9/11: On Terror, Grief and Forgetting

There are not too many moments in our national consciousness available for mourning and lost. Though our history is fraught with war and loss both domestically and abroad, our nation's commemorations have fallen to our capitalist nature of bargain shopping and crime show marathons.

In the wake of September 11, 2001, however, we allowed ourselves a collect season of grief and unity. Though no relief from systemic violence, American culture took a visible and concerted effort to come together. Americana reached near propaganda levels to build morale and appear strong in the face of a world growing anxious of our bombastic pride. Americans lived in a new mode of fear and terror was reintroduced to a new generation. This milestone in American history also confronted our myths of safety. The sheer shock of a domestic attack jolted the American arrogance of "things like that are not happening here." We tend to so this, often.

In the hours and after the Boston bombing, manhunt and capture of Jahar Tsarnaev, the rhetoric of "somewhere else warfare" became rampant across news reports and almost immediately the two "white suspects" became Eastern European Islamic extremist. Likeness of the brothers got darker and darker and by the end of the day these men were brown-skinned carriers of terror. Because here in America terror is Black and Brown and "not supposed to be here."

What 9/11 did to us as a nation is solidify tensions of Brown/Black bodies carrying terror. As countless narratives share, there has been a severe uptake in violence against brown-skinned and Muslim folks in the aftermath. From the security line to workplace to college campuses, brown bodies are policed and monitored. But this is how we are. This is the America we foster and develop.

In the face if attack we batten down the hatches and pinpoint what we believe is the source of our fear. For Black folks and people of color, terror and fear are central to our everyday life. Any loss we felt personally by 9/11 was complicated with the relentless violence of simply being in America. And we live in a country that does such an active work to erase such violence.

The terror of 9/11 for some sits distantly in both time and location, the terror of being Black or Brown in America sits heavy on our bodies and our minds. How do you live in a country that paints criminals and villains in your flesh-tones? This conflict is also complicated by the demand of other to "Never Forget."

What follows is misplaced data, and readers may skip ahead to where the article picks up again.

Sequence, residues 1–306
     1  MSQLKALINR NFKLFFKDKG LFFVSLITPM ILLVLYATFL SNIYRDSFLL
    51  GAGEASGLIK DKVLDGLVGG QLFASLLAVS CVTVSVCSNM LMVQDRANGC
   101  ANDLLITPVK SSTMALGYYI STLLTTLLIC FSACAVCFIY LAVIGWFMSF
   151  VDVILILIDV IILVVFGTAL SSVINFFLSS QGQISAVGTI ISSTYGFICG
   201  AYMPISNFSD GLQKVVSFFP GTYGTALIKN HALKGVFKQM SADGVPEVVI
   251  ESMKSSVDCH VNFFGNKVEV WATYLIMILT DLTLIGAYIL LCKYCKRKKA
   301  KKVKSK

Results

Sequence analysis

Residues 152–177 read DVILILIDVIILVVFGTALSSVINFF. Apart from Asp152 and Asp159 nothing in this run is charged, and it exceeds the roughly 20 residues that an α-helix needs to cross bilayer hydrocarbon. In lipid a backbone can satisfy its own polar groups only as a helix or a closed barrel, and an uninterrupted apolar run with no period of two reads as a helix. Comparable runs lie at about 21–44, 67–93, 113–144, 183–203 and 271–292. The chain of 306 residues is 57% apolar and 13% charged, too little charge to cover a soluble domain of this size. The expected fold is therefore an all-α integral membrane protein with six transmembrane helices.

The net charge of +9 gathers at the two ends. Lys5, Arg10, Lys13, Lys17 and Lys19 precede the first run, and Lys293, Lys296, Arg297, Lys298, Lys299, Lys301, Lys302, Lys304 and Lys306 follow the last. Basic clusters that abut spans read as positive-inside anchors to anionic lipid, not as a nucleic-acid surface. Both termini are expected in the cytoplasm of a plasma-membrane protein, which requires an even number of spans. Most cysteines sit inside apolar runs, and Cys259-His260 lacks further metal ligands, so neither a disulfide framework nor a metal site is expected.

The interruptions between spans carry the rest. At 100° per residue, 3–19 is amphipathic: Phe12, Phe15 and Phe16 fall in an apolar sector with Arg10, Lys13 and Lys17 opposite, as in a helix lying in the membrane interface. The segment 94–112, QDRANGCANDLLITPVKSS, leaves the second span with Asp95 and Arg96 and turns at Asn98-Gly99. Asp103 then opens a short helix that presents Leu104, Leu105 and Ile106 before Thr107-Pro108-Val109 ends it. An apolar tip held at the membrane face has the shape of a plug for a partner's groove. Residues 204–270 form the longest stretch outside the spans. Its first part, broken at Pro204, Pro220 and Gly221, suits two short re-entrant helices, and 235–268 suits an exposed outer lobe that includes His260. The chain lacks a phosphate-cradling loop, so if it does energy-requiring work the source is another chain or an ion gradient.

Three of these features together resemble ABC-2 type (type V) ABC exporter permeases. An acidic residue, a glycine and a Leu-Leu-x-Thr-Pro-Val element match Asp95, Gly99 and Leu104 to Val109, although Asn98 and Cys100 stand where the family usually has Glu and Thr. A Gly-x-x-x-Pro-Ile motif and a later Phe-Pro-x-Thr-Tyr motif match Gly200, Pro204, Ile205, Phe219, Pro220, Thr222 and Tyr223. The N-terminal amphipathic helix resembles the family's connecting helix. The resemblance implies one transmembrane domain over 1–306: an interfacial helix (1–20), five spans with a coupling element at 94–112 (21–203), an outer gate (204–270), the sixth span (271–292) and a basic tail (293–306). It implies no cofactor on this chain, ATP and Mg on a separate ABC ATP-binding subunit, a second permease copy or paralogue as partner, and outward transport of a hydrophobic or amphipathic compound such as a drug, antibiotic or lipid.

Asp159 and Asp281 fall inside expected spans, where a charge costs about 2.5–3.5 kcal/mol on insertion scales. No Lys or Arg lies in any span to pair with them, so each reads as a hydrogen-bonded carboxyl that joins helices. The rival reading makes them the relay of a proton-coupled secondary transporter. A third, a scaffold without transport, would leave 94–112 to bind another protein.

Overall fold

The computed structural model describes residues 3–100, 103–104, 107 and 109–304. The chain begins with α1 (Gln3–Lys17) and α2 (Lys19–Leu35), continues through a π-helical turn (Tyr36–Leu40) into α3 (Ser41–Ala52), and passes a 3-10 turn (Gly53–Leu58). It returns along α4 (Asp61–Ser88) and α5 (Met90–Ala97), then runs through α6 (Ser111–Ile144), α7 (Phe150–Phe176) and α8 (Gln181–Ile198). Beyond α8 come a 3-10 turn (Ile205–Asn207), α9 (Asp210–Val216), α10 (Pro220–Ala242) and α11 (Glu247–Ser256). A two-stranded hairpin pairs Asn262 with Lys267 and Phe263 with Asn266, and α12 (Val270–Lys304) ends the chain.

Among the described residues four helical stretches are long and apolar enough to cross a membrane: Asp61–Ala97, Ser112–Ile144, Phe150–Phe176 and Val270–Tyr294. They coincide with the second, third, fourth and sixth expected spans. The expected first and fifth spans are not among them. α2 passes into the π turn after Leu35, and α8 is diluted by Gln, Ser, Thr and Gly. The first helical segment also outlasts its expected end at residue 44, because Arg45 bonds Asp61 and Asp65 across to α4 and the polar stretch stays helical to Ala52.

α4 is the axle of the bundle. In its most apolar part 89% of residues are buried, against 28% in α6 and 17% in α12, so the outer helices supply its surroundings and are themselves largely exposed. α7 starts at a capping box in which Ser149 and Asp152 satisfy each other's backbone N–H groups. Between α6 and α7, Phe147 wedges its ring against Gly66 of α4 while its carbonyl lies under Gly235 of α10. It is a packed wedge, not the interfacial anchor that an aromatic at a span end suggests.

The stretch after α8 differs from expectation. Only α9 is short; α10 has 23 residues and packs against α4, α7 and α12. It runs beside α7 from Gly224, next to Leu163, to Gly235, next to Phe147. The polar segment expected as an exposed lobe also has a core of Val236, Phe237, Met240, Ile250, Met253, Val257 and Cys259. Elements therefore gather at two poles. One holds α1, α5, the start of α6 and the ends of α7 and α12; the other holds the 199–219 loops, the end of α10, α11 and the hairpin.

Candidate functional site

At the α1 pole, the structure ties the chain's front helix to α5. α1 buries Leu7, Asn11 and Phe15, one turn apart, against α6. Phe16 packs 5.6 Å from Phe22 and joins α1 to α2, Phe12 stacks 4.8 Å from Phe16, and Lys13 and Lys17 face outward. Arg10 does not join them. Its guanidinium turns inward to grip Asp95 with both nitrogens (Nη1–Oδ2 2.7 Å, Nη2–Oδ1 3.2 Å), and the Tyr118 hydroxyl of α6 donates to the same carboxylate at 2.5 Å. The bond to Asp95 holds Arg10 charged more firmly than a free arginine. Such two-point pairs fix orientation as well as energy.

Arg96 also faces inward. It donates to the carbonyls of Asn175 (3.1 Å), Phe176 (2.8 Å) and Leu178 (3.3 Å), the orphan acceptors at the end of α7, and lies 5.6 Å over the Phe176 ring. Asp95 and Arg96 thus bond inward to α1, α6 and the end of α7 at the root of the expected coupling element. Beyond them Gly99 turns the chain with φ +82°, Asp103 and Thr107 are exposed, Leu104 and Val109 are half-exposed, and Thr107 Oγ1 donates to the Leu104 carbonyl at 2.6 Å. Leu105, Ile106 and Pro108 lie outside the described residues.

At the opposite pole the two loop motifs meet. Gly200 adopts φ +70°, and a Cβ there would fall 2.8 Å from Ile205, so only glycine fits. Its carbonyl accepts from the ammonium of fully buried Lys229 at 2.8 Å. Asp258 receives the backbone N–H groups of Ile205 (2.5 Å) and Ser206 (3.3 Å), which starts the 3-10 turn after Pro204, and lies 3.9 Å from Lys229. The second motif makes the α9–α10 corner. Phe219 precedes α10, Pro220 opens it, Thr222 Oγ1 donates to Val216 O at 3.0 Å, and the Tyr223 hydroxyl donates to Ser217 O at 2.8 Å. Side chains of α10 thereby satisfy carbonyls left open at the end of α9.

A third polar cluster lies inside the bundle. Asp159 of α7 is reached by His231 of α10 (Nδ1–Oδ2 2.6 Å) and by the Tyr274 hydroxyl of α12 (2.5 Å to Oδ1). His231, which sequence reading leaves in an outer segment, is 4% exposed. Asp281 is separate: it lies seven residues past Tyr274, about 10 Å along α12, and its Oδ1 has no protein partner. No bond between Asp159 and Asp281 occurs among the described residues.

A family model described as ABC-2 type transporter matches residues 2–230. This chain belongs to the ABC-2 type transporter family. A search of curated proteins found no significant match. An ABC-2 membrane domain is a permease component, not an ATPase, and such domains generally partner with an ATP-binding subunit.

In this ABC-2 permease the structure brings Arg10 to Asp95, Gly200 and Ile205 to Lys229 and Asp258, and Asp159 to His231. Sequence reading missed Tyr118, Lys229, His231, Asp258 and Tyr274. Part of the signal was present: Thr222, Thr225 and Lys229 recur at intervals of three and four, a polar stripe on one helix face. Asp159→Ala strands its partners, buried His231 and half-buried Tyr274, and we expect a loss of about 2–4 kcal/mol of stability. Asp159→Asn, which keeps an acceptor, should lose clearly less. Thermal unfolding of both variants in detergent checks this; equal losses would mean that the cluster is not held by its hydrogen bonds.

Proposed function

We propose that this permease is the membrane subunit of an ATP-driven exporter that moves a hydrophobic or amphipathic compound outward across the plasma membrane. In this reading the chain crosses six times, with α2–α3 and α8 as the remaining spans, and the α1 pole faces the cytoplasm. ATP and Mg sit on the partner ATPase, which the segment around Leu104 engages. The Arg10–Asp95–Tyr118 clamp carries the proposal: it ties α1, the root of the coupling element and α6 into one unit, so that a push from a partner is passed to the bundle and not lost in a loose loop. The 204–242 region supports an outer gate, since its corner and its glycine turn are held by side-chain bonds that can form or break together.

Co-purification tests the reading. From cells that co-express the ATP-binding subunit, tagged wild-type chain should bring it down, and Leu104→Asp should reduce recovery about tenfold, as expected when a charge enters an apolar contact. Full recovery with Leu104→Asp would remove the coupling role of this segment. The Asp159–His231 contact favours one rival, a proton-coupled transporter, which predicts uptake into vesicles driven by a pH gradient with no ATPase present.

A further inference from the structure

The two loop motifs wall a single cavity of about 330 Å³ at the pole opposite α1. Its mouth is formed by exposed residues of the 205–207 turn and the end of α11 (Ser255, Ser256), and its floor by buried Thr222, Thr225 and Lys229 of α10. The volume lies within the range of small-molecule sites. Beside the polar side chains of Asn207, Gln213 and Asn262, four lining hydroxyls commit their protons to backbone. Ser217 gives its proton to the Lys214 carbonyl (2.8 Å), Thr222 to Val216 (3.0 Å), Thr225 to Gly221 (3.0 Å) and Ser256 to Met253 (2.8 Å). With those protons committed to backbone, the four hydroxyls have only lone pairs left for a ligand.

Already from my newsfeed to timeline, I see countless posts invoking this need for collective remembering. For the families who lost so much on 9/11, forgetting is an impossibility. Our obligation to stand with them and remember the attack does a work of collective healing. However, what are we allowing ourselves to forget?

We must remember the Black women and girls killed by police brutality. We must remember the systemic and conscious fear of Brown-skinned and Muslim folk. We must remember the violence and hurt that plagues our national consciousness daily. We must remember those for whom forgetting is an impossibility.

Forgetting is an impossibility for so many who live through the daily trauma of street harassment and military-style policing. Forgetting is an impossibility for the families whose loved ones have been violently deported, detained and incarcerated. Forgetting is an impossibility for those living through sexual assault and domestic and intimate partner violence. Forgetting is an impossibility for many Americans and as we grieve the devastating attacks on September 11 2001, also grieve this summer of violence and destruction.

We must grieve for the daily terrors that many demand to forget.